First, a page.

Opening or Letting Go:
How Do You Know?

Pulsing Techniques to Open the Body

Pulsing Techniques to Open the Body

Throughout the years, I’ve been asked this question in various forms, and I’ve come to realise that many students who ask it have often reached quite a profound level of practice. Of course, as with any Tao arts training, the answer lies in developing your skill with ever-more refined nei gong techniques, self-reflection and ongoing meditation practice.

To Control or Not to Control,
That Is the Question

The short answer to the question is that opening entails exerting some level of control while letting go does not. To consider the quality of difference yet deeper, we can look to the nei gong from which opening and letting go derive and how each are applied in practice.

Opening through Energy Exercises

Engaging any nei gong method initially requires a struggle session—whether it’s in developing skill using a particular technique, a body part or integrating that knowledge into the system as one whole. Once some degree of faculty is established, then you can reduce your effort. This is the point when you can focus on relaxation and release your nerves, thereby unlocking the mechanisms to gain greater control.

For example, in the beginning, lengthening the soft tissues is normally only achieved through much effort and persistence. You must feel and observe what is happening. Once you are satisfied that something is happening, then you can put in less effort for the same result…and relax. Relaxation is precisely what allows deeper access to and finer control of the body. In time and if you can relax progressively more through ongoing energy arts practice, it becomes possible to gain deeper and deeper access to your body’s soft tissues.

Of course, even in early stages of training, strict adherence to the Rule of Thirds, which dictates not to exert more than two-thirds of our maximum effort to keep the mind, body and/or qi energy from becoming too rigid and subsequently shutting down. When the nervous system detects any signs of stress or tension, it will bind and certainly not release. On the other hand, if you don’t break through the struggle session, nothing will accrue except external movement. The sweet spot lies in reducing, reducing and reducing your effort until you begin to gain access to and control over a particular nei gong energy exercise.

In this sense, lengthening of the soft tissues is a form of opening, but only insofar as it is opening the outer casing of the body and muscular frame. To fully understand the difference between opening and letting go, we must go a little deeper into the body.

Losing All Sense of Effort

Once the soft tissues are lengthened to some degree, then you can tune into the opening-and-closing rhythm of the joints, cavities and beyond. With the soft tissues released, the task of amplifying the pulse becomes much more possible and, again, requires less effort. Pulsation still requires intention and effort, but with a very gentle approach. You need a framework to affect it, but it does not manifest from an intense focus or use of any force or strain in any way. Letting go does not necessitate this framework and, in fact, must supersede it.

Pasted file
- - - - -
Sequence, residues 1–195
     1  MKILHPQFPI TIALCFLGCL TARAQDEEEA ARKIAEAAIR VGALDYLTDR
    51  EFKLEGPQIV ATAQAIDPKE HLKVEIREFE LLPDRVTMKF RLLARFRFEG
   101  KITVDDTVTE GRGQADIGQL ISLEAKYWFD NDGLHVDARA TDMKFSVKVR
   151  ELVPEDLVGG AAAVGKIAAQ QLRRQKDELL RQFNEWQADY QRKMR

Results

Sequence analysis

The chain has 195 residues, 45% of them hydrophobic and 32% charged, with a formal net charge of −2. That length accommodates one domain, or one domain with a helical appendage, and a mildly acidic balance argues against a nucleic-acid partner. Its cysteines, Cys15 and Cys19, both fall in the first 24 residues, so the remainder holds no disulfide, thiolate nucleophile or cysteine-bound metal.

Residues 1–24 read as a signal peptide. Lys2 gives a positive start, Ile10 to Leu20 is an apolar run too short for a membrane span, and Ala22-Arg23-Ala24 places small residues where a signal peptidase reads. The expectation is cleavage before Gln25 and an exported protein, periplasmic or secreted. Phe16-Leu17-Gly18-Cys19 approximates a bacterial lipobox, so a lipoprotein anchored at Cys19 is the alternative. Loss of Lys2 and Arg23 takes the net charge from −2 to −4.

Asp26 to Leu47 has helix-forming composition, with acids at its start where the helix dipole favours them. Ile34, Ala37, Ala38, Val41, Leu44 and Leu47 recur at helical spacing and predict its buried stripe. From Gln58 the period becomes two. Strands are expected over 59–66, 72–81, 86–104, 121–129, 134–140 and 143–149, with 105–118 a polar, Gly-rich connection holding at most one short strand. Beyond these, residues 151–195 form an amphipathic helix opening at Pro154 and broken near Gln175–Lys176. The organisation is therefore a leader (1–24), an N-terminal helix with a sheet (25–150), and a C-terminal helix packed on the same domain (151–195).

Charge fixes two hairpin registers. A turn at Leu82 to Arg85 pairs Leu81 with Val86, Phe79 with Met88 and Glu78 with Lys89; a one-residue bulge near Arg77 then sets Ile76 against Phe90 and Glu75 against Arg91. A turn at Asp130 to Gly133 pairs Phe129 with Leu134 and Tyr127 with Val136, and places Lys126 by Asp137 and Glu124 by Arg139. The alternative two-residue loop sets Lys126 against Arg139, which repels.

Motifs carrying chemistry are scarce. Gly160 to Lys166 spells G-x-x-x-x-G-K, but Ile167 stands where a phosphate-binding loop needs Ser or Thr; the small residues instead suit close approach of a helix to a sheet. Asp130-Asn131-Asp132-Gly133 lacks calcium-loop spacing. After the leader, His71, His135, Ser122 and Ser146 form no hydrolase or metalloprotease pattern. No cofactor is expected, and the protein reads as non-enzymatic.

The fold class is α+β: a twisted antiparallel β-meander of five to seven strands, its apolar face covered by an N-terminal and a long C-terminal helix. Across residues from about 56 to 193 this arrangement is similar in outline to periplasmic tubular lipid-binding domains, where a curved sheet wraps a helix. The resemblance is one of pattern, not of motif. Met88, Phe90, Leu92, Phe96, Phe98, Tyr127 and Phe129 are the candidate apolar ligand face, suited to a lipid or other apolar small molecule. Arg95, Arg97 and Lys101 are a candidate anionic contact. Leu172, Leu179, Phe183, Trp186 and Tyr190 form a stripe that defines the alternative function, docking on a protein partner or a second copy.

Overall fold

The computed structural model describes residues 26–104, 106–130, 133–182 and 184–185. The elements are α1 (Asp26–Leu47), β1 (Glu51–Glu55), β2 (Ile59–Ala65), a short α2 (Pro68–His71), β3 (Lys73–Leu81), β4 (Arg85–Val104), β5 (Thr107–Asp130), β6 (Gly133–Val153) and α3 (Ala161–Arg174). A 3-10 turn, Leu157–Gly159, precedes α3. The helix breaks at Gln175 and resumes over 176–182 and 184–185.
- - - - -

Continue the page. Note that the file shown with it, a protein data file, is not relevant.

As you continue training, clearing out deeper layers of tension and softening off the hard edges in your nervous system more and more, you will naturally apply less physical effort to perform any nei gong exercises on which you choose to develop. In time and with sustained practice, your intention can penetrate your flesh to the point that you don’t need any muscular activity at all—for example, you simply apply your mind’s intent to engage the pulse or lengthen the soft tissues.

Nei gong science dictates that:

  • The mind moves qi energy;
  • Qi energy moves the fluids; and
  • The fluids activate the soft tissues.

So if you can grab qi with your mind, then you can direct the body with your intention alone.

Developing the skill to affect this chain of command nearly breaches the realms of letting go. Even though there is a containment field in which you are operating (i.e. the form, modified by the Rule of Thirds and the internal nei gong content that imbues that form with power), the quality of the opening has lost any sense of effort.

Letting Go Is a State of Mind

Therefore, from one perspective, letting go is a more advanced method of opening. Although pure letting go is a state of mind, which is normally developed through meditation and later applied to higher-level energy arts training (as well as any aspect of life). When you achieve this state of being—where the mind can truly let go—your energy and body will open to its natural state and expand as there will be nothing in your system drawing in or causing a contraction. This is why the prime directive of any pure Taoist discipline is open: open the body, open the qi and open the mind.

I’d be interested in continuing this discussion on opening and letting go with you. Please leave a comment below with your experiences, if you’d like to participate.